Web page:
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On to the shout-outs for all the amazing musicians who were on stage. Starting with the people supporting The Paper Raincoat:

David Fallo on viola was superb!

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Melissa Tong on violin was her typical excellent self!

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Greg Ritchie on drums. As I pointed out in a recent blog covering The Paper Raincoat in Norfolk, VA, the drums are an integral part of The Paper Raincoat sound. They did an amazing job in Norfolk without a drummer, but the sound was distinctly different.

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Filling the shoes of Kevin Rice and Adam Christgau, the two drummers who between them play at nearly every show is no small task. Greg did an excellent job. I judge that by how many times I can’t help but look away from the singing (and other instruments) and I’m forced to zone in on some top-notch drumming. That happened often enough last night. 🙂

Tony Maceli on electric bass. Tony is always wonderful. Typically, Tony plays the upright bass and occasionally switches to the electric. Last night’s show was purely electric (both the instrument, and Tony’s play!).

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On to Ian’s band:

Chris Kuffner on electric guitar. As masterful as he always is, but I’m still dying to see him wail on the bass (where I’m told by people I trust that Chris will blow my mind!). We also finally got to meet Chris last night after seeing him play quite a number of times. He’s incredibly nice (no surprise for this group of musicians!).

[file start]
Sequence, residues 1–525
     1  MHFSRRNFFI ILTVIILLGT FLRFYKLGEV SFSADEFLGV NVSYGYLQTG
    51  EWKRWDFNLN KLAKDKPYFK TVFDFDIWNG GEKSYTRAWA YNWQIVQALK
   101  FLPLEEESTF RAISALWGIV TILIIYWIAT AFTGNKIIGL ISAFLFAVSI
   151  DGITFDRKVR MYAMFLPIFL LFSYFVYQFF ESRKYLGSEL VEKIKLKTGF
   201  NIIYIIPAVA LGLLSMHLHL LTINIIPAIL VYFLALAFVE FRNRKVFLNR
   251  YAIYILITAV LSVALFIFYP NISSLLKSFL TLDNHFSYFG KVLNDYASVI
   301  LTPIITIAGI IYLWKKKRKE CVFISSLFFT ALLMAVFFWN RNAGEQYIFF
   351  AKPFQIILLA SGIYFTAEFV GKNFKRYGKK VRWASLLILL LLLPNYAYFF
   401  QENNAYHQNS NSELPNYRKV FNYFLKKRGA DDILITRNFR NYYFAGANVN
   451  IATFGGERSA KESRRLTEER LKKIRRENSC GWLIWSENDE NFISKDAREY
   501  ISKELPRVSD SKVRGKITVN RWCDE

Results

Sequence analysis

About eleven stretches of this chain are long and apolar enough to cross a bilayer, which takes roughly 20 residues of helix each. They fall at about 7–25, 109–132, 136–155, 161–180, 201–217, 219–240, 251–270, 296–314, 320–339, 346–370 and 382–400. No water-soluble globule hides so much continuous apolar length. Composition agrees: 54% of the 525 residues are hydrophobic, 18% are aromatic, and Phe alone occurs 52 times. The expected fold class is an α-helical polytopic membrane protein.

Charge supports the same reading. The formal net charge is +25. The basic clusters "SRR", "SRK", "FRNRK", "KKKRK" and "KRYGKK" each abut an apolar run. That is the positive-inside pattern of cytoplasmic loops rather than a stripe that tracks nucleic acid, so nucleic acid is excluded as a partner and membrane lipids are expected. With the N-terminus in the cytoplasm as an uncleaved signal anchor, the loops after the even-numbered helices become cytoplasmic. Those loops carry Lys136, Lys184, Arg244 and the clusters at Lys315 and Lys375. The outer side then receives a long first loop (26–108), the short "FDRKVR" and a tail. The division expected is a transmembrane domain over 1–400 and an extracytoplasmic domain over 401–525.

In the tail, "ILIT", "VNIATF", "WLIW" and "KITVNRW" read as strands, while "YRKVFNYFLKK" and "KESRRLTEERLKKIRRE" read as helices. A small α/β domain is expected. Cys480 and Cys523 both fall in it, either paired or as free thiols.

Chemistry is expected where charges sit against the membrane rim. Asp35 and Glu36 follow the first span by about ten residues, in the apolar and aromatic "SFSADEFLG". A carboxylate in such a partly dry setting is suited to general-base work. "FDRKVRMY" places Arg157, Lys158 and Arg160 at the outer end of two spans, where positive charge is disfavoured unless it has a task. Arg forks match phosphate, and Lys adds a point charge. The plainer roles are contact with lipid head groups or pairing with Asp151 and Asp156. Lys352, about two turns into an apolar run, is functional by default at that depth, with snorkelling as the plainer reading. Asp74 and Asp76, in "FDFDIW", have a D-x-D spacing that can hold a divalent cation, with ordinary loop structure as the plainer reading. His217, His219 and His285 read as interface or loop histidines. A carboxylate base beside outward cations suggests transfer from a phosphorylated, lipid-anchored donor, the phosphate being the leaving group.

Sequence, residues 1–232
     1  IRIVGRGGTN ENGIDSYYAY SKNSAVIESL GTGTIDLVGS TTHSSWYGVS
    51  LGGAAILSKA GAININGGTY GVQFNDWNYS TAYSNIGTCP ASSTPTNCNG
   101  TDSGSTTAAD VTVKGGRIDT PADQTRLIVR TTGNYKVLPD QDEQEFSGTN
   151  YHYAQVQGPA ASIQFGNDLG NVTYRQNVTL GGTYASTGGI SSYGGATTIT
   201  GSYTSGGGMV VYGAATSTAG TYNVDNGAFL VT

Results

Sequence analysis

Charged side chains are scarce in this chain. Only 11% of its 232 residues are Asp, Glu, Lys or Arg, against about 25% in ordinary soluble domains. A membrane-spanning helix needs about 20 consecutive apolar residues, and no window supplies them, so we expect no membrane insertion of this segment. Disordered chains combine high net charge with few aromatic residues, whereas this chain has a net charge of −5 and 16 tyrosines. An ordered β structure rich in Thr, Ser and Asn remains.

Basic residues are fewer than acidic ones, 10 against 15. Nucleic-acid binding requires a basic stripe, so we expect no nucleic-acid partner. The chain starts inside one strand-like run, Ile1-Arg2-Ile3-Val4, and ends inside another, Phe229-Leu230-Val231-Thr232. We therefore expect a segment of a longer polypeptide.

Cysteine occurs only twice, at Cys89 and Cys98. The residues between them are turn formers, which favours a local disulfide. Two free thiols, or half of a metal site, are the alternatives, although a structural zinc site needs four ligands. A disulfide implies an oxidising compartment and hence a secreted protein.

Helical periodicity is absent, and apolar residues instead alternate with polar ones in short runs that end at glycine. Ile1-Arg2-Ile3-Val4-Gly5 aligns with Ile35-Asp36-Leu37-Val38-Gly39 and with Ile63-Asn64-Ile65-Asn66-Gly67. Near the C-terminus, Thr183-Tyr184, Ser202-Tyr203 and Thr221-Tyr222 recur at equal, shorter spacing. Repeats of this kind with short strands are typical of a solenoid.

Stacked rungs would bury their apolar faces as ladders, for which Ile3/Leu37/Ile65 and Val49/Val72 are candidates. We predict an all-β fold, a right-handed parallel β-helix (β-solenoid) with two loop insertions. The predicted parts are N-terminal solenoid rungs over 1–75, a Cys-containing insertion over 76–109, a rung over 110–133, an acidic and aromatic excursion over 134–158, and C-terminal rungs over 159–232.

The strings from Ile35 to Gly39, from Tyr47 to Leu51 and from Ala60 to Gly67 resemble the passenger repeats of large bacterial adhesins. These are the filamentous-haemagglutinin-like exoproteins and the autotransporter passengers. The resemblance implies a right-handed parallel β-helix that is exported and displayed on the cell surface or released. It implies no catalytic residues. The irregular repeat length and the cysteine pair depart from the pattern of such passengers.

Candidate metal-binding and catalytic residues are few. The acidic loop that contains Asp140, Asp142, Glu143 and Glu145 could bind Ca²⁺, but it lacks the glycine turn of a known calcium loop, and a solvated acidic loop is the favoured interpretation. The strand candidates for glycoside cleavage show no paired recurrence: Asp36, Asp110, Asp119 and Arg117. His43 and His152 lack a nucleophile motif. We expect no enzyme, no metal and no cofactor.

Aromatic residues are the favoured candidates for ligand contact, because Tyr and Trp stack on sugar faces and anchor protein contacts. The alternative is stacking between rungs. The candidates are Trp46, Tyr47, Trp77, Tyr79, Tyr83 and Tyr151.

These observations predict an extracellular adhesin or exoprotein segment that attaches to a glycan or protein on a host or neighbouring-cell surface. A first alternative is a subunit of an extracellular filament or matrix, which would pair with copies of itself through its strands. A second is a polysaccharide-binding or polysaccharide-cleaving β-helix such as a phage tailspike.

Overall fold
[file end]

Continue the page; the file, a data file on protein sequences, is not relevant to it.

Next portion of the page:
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Adam Christgau on drums. Man, it’s been a little too long since we’ve had the pleasure. We got hooked on seeing Adam often over the past year, and he’s captivated me each time. Adam was a trooper because directly from last night’s set with Ian, he ran to Joe’s Pub to play the 9:30 show with Julian Velard.

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Chris Anderson on electric bass. Chris is perfectly matched with Ian, both musically and passionately. We love his play and his style every time we see him.

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We were at the head of the line to get in when the doors opened (no surprise). That had the added benefit of us being at the door when the musicians were coming and going after sound check. Here are some pictures right outside the club, before the show started, with a few shots at the bar after the show thrown in for good measure. 🙂

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IanAxelViennaTeng ambeRRubarthLois

Vienna Teng and The Paper Raincoat at Attucks

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Vienna Teng and The Paper Raincoat are up there among our favorite performers, both live and their CDs. Recently, Vienna announced that she’s taking a break from touring and returning to school this fall.